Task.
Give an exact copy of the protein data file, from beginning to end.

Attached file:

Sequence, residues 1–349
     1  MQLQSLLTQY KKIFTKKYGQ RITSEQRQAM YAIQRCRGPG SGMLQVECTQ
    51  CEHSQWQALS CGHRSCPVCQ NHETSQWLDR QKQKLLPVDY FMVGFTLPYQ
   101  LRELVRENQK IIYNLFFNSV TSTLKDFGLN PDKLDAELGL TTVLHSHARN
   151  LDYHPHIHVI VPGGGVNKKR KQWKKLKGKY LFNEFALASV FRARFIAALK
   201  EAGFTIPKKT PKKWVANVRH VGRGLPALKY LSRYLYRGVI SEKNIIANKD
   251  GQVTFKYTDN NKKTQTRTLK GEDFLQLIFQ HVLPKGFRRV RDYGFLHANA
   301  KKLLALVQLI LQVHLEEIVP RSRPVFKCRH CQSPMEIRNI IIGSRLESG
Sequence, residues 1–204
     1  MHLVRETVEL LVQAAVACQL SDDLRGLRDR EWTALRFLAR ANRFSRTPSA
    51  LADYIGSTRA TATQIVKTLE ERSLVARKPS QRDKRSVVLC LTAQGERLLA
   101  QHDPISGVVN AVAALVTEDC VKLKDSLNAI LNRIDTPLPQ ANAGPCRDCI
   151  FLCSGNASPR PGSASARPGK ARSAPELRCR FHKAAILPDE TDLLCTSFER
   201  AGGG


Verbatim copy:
Sequence, residues 1–349
     1  MQLQSLLTQY KKIFTKKYGQ RITSEQRQAM YAIQRCRGPG SGMLQVECTQ
    51  CEHSQWQALS CGHRSCPVCQ NHETSQWLDR QKQKLLPVDY FMVGFTLPYQ
   101  LRELVRENQK IIYNLFFNSV TSTLKDFGLN PDKLDAELGL TTVLHSHARN
   151  LDYHPHIHVI VPGGGVNKKR KQWKKLKGKY LFNEFALASV FRARFIAALK
   201  EAGFTIPKKT PKKWVANVRH VGRGLPALKY LSRYLYRGVI SEKNIIANKD
   251  GQVTFKYTDN NKKTQTRTLK GEDFLQLIFQ HVLPKGFRRV RDYGFLHANA
   301  KKLLALVQLI LQVHLEEIVP RSRPVFKCRH CQSPMEIRNI IIGSRLESG
Sequence, residues 1–204
     1  MHLVRETVEL LVQAAVACQL SDDLRGLRDR EWTALRFLAR ANRFSRTPSA
    51  LADYIGSTRA TATQIVKTLE ERSLVARKPS QRDKRSVVLC LTAQGERLLA
   101  QHDPISGVVN AVAALVTEDC VKLKDSLNAI LNRIDTPLPQ ANAGPCRDCI
   151  FLCSGNASPR PGSASARPGK ARSAPELRCR FHKAAILPDE TDLLCTSFER
   201  AGGG